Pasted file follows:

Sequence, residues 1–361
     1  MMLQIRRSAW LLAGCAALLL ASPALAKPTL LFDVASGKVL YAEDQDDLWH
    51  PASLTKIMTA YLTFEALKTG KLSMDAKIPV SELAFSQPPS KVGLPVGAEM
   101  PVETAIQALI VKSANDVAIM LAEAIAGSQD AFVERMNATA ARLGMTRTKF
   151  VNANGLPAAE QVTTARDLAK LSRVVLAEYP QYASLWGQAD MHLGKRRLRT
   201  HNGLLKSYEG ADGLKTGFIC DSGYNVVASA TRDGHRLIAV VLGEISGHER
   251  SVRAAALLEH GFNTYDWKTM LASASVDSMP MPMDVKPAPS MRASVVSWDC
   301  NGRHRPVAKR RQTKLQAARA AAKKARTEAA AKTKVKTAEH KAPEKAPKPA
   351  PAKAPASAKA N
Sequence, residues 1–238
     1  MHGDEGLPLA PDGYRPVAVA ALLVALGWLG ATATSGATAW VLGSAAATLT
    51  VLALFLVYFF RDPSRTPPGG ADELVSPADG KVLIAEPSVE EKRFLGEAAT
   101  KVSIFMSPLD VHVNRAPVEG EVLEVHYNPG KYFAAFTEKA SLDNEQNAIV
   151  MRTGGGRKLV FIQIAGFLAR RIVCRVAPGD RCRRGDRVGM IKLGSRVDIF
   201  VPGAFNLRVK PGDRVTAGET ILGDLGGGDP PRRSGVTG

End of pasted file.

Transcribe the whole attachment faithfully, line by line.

Sequence, residues 1–361
     1  MMLQIRRSAW LLAGCAALLL ASPALAKPTL LFDVASGKVL YAEDQDDLWH
    51  PASLTKIMTA YLTFEALKTG KLSMDAKIPV SELAFSQPPS KVGLPVGAEM
   101  PVETAIQALI VKSANDVAIM LAEAIAGSQD AFVERMNATA ARLGMTRTKF
   151  VNANGLPAAE QVTTARDLAK LSRVVLAEYP QYASLWGQAD MHLGKRRLRT
   201  HNGLLKSYEG ADGLKTGFIC DSGYNVVASA TRDGHRLIAV VLGEISGHER
   251  SVRAAALLEH GFNTYDWKTM LASASVDSMP MPMDVKPAPS MRASVVSWDC
   301  NGRHRPVAKR RQTKLQAARA AAKKARTEAA AKTKVKTAEH KAPEKAPKPA
   351  PAKAPASAKA N
Sequence, residues 1–238
     1  MHGDEGLPLA PDGYRPVAVA ALLVALGWLG ATATSGATAW VLGSAAATLT
    51  VLALFLVYFF RDPSRTPPGG ADELVSPADG KVLIAEPSVE EKRFLGEAAT
   101  KVSIFMSPLD VHVNRAPVEG EVLEVHYNPG KYFAAFTEKA SLDNEQNAIV
   151  MRTGGGRKLV FIQIAGFLAR RIVCRVAPGD RCRRGDRVGM IKLGSRVDIF
   201  VPGAFNLRVK PGDRVTAGET ILGDLGGGDP PRRSGVTG